09 – The Opening Ceremony (Part Two of Three)
“Ah, Lady Kaldia, Lady Emilia. You’re here.”
“I’m pleased to see you’re doing well, Your Highness. You as well, Viscount Dovadain, Sieghart.”
Just before where I’d moved with Emilia under Eric’s guidance was a stage, located in the deepest section of the Schtelt Hall. The crown prince was there wearing his usual smile, and alongside him was Grays, who looked on with little warmth to speak of, as well as Sieghart, who lightly raised his hand in answer to my superficial greeting before exchanging pleasantries with both Eric and Emilia.
“Well then, let’s go over our plans. We have welcomed Lady Emilia as a transfer student to this academy as a symbol of the peace between us and the United Kingdom of Lindharl. We have to make this clear to the other students.”
We all nodded at the crown prince’s words. I could faintly feel the tension creeping back into Emilia, but knew that there was nothing I could do for her now. In the days that would come, she would have to stand in front of the masses so many times she might get sick of it. There was nothing I could do but allow her to adapt to such a notion.
“Grays will escort Emilia to the middle of the stage, while Kaldia will take on the role of her guard. She will, for this purpose, wear the ceremonial rapier and follow her. Eric and Sieghart may stay close to me and for protection. Not much of a change from the usual.”
“Here, Kaldia. The sword.”
I accepted the rapier Sieghart held out to me and carefully placed it at my hip. The awe-inspiring and elaborate craftsmanship that had been put into the thing was enough to make me balk at the idea of wearing it, even if it was only for a short while.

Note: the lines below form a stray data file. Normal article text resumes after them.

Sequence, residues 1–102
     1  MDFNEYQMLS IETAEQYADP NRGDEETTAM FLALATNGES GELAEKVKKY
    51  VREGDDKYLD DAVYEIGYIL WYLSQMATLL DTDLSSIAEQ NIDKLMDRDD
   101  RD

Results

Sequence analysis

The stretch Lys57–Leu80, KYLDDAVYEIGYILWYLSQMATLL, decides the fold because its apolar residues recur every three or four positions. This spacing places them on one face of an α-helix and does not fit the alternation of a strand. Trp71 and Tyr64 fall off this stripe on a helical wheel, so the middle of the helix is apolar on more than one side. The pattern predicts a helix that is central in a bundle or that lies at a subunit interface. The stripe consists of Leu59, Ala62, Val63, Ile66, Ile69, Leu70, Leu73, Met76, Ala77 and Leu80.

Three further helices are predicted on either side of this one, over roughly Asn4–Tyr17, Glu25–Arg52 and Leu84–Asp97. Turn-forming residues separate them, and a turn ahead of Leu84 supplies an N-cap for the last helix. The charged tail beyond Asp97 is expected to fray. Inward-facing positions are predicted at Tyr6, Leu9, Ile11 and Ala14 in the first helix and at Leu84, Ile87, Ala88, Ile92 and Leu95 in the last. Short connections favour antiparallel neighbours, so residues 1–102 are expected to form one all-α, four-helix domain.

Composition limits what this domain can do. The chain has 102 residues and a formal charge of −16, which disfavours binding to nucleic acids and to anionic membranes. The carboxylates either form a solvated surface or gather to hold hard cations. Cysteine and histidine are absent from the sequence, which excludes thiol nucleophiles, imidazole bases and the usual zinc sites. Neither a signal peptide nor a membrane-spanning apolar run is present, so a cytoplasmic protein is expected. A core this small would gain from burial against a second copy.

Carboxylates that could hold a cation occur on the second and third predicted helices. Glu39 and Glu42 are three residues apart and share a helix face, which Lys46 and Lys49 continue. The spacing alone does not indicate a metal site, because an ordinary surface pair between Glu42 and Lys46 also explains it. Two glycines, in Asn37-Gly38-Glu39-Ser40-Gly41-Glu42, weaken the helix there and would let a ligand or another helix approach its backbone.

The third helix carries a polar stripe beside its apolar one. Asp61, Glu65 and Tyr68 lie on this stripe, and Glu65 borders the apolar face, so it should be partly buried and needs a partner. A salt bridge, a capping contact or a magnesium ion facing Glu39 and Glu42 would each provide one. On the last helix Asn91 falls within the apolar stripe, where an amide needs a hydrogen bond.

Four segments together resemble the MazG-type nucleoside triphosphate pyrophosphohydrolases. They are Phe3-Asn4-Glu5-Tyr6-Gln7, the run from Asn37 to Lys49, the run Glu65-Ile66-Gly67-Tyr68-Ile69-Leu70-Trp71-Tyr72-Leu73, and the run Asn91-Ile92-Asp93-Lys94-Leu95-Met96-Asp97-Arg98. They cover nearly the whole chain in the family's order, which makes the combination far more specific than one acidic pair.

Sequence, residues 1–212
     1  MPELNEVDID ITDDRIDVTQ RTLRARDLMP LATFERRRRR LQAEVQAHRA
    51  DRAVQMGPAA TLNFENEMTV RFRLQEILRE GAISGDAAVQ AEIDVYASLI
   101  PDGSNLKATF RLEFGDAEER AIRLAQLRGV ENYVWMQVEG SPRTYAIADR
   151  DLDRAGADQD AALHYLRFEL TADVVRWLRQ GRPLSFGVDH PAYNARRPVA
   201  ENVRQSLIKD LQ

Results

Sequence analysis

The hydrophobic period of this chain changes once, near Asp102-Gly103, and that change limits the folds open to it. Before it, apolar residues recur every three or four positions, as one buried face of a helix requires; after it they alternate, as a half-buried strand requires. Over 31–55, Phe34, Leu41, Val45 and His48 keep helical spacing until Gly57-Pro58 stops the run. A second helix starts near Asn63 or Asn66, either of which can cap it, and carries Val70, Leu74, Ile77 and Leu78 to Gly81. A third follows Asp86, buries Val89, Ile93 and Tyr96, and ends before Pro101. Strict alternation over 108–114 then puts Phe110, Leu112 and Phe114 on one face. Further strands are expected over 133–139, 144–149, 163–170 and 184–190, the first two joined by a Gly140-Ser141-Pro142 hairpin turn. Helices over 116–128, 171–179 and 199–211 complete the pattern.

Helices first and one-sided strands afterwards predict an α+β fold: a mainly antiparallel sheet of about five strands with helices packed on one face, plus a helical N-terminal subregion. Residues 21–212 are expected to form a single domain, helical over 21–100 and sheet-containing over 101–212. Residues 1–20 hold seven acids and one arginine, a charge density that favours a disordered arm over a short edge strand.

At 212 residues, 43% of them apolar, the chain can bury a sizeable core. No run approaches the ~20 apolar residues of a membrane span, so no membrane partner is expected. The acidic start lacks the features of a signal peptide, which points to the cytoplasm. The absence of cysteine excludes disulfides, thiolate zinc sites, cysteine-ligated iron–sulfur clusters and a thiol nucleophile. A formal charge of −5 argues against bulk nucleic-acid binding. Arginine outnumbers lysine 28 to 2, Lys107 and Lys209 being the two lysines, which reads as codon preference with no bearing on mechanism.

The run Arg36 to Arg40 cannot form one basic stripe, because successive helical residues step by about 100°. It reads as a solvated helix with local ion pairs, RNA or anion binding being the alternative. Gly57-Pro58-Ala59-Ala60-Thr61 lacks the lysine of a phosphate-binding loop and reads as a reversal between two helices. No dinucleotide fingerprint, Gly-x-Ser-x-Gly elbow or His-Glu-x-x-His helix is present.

“The blade’s been shattered, but don’t let that stop you from drawing it if something happens, Kaldia.”
The crown prince’s nigh outrageous words came the second the belt had been fastened around my waist.
“Albert, please. That’s a little too much, even for a joke…”
Grays had spoken up, less due to forethought and more on instinct. He wasn’t wrong, I was willing to give him that much. Even if the crown prince had meant to lighten the mood with a small, passing jest, he’d certainly put far too much weight into it.
Every child born of noble standing attended this academy. It was only reasonable that the guards would be aware of the gravity of such a situation, and that they would spread all throughout the grounds. There could not, by no conceivable means, be given room for more than a petty squabble between students.
“Oh no, Grays. I wasn’t joking. The king himself has ordered that Princess Emilia be guarded by Kaldia, after all. Do not think of her as a mere decorative bauble. And we should always have a plan ready for emergencies, wouldn’t you agree?”
With a light shake of his head, the crown prince had completely denied any reason for reprimand. The conversation was teeming with restlessness and further hidden implications, but no one could find the words to counter what he’d said.
“You jest, surely. This is the academy. I sincerely doubt we’ll have to deal with any emergencies –”
“You might have a point. But nevertheless, what bears mentioning must be mentioned, regardless of where one might find oneself. Isn’t that so?”
The grim expression that warped Grays’ features was immediately recalled by the man himself. I had a feeling that he didn’t want Emilia, who was now observing this development with wide eyes, to see his expression.
“Pardon. That was too forward of me.”
“Don’t you worry about that. You did nothing wrong. Kaldia… are you ready?”
“Of course, Your Highness.”
I nod at his voice, which seemed more of a reminder than anything else. I couldn’t say that I’d completely rationalised the crown prince’s thought process, but at the same time, I knew that I was no longer allowed to show even a sliver of emotion that Grays had displayed.
“Your Highness, the ceremony is about to begin. Please, come this way.”
The crown prince gave Grays’ shoulder a light tap as one of the instructors called him over, then turned to me for a split second and gave me a smile. When he passed by me, he spoke again. I could hear the faintest whispers of an apology.